If you've heard of Diane Tran, you've probably been outraged on behalf of the high school honors student sentenced to jailtime for missing too much school. The 11th grader has been working two jobs to help support her family, often leaving her too tired to make it to high school on time. I felt bad for her too. Until today.
It turns out the national outrage has fueled a fundraising campaign to the tune of $100,000. That filled me up with happy thoughts, until I heard Tran had refused to take the money.
I'm sorry, what did she do? And where, exactly, are these girl's parents?
Her refusal is kind of heartwarming and nice. The hard-working honors student said that there are other kids who could use the money more than she can. Probably. But the short-sightedness shows she needs an adult to step in and make this decision for her.
The reason we all felt so strongly about helping Diane Tran in the first place is because she has been missing school to do something her parents should be taking care of. No kid should have that kind of burden on her shoulders, and we were angry at the judge, but angry too at a society that makes a child a breadwinner. Now she is being given a chance to help support her family without having to miss school. It's righting a societal wrong.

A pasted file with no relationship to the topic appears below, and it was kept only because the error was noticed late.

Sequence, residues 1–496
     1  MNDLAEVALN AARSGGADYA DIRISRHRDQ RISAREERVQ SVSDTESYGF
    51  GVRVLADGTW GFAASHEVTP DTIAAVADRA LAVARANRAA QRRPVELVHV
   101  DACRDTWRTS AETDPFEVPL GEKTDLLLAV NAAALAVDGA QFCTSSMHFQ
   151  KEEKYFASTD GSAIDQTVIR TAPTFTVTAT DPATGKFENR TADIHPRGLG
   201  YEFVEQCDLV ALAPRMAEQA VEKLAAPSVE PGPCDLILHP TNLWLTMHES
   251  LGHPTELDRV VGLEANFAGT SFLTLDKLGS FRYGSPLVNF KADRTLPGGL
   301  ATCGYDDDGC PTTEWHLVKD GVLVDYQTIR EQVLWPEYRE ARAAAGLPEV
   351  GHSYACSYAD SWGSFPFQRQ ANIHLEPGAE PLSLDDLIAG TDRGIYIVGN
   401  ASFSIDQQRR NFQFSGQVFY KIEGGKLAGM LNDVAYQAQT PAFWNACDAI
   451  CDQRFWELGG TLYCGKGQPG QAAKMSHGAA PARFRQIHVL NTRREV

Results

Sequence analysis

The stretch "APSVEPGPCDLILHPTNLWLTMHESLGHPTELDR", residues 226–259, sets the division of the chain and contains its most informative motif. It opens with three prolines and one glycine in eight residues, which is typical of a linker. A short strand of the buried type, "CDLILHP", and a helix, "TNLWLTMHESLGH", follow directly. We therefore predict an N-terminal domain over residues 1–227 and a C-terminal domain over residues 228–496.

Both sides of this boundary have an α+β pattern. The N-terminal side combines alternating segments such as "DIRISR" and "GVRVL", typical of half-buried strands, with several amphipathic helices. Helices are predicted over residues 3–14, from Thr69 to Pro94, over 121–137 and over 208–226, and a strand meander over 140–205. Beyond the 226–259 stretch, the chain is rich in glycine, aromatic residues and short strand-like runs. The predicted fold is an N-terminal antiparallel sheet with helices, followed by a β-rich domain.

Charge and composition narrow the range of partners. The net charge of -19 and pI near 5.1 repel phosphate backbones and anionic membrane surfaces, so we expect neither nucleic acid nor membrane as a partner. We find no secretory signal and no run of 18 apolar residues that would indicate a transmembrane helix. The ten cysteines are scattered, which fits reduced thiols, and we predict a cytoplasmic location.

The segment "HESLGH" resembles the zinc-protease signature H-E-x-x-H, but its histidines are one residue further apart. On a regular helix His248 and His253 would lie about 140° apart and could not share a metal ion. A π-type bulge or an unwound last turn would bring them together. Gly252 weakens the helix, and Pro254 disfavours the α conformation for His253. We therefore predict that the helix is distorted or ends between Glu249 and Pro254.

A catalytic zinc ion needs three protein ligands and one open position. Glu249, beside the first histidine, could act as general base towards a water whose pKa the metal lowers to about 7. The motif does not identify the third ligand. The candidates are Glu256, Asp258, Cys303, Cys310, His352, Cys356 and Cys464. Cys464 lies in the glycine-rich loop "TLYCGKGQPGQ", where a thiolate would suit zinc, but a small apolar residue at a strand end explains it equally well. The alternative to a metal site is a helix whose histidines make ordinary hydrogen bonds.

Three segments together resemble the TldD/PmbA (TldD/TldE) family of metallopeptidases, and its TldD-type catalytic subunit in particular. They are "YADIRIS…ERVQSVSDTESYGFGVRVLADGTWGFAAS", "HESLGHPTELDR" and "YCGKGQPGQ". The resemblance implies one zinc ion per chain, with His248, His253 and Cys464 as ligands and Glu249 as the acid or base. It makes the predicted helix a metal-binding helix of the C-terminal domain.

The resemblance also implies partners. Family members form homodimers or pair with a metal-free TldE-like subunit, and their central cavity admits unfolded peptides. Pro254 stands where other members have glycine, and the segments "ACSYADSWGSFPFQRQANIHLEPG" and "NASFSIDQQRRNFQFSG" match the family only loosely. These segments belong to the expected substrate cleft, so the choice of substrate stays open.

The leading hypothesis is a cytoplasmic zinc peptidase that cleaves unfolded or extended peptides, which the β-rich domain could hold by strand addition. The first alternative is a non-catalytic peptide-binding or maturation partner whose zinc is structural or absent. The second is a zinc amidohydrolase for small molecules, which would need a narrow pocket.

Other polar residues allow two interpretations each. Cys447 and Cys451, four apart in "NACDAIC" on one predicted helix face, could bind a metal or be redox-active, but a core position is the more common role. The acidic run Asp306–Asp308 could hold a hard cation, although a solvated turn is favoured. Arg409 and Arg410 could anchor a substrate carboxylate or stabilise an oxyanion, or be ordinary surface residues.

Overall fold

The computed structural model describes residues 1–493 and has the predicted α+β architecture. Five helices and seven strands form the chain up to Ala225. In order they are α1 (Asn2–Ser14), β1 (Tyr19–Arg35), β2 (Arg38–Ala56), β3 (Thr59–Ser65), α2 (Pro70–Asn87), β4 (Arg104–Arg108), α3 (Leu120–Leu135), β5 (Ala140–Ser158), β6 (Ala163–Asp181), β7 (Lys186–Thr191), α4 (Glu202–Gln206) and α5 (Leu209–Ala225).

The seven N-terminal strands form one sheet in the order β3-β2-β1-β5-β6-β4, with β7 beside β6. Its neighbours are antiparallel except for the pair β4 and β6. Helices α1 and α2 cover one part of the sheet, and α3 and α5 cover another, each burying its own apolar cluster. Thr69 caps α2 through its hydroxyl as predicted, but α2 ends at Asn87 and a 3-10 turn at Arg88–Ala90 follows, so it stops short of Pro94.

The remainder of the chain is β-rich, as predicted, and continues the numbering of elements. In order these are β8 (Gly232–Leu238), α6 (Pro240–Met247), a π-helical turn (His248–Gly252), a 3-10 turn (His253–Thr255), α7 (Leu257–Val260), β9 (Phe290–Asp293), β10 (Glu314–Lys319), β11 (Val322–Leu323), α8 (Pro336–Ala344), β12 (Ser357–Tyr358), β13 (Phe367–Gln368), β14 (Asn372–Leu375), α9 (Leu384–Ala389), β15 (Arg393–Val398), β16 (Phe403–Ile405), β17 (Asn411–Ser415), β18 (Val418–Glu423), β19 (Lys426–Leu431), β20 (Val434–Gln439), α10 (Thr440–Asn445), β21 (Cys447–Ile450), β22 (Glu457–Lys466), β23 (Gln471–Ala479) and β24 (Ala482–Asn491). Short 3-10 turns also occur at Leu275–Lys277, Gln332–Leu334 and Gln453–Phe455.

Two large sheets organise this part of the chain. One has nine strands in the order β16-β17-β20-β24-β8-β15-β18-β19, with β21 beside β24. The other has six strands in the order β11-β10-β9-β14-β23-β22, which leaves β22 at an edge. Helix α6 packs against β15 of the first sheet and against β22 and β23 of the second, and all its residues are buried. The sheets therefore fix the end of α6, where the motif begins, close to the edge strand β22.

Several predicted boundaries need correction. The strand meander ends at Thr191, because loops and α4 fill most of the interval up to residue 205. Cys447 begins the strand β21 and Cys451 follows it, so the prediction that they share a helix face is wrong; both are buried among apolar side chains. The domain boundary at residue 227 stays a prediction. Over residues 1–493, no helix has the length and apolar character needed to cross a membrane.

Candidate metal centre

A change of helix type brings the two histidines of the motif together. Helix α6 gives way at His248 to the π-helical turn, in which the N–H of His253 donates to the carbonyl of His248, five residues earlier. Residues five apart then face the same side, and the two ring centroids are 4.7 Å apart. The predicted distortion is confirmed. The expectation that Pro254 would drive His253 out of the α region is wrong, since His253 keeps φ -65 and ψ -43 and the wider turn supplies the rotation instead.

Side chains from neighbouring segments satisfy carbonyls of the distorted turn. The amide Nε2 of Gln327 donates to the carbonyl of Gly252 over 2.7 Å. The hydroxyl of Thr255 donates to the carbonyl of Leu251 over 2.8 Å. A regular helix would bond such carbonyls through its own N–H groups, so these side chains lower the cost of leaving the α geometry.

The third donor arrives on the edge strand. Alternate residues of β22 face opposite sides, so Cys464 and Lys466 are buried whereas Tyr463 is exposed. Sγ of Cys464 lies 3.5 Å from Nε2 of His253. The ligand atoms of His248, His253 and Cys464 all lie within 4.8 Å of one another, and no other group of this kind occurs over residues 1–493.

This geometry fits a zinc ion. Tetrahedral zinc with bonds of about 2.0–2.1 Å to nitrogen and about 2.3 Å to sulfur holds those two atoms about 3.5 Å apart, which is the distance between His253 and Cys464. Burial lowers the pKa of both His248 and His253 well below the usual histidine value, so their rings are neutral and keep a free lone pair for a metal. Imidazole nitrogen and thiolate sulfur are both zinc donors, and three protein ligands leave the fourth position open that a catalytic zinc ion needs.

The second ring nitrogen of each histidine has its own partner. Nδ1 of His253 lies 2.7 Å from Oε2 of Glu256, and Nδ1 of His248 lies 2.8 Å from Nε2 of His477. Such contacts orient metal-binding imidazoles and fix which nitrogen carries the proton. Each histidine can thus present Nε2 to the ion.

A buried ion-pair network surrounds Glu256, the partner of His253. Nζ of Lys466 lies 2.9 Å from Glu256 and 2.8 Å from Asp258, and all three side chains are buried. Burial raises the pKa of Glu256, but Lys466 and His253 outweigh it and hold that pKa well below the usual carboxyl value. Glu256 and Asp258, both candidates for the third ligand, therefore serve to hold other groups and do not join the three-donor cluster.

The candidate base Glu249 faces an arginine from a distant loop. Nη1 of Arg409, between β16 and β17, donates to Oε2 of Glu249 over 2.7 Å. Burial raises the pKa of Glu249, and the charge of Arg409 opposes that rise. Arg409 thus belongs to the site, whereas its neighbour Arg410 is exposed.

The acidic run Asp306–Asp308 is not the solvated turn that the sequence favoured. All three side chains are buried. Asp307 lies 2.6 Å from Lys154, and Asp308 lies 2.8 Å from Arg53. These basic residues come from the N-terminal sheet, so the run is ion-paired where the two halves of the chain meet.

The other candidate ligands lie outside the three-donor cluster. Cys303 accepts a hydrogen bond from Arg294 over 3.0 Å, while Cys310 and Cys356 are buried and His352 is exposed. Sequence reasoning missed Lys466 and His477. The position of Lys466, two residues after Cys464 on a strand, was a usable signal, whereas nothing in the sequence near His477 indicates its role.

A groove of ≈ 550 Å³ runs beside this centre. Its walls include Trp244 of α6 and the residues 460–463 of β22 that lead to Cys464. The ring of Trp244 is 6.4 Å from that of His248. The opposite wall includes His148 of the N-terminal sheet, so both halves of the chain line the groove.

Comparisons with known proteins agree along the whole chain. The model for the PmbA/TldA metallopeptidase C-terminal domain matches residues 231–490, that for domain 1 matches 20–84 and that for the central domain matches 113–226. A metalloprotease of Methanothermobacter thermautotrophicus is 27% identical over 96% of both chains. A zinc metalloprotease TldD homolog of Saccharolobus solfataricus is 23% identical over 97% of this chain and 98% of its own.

And by refusing it, frankly, Diane Tran is allowing herself to be victimized again. She's no longer the poor kid who had no choice about her rough lot in life. She's a 17-year-old who is telling society to take a hike, she'd rather screw up on her own. Her parents should be out there telling her NOT to do that.
You can call it admirable that a kid wants to work hard and do it all herself. But sadly, we've seen she can't do it all. And we were angry that she was being expected to. But if Diane Tran doesn't accept a way out, doesn't take advantage of the chance to better her situation, frankly our anger on this kid's behalf is a big, fat waste of time.
Either she legitimately needs to be out of school to work her butt off, or she really could get her butt to class because she doesn't need money that badly. There isn't room for martyrdom when your future is on the line.
What do you think of Diane Tran refusing to take the money? Here's more on her case: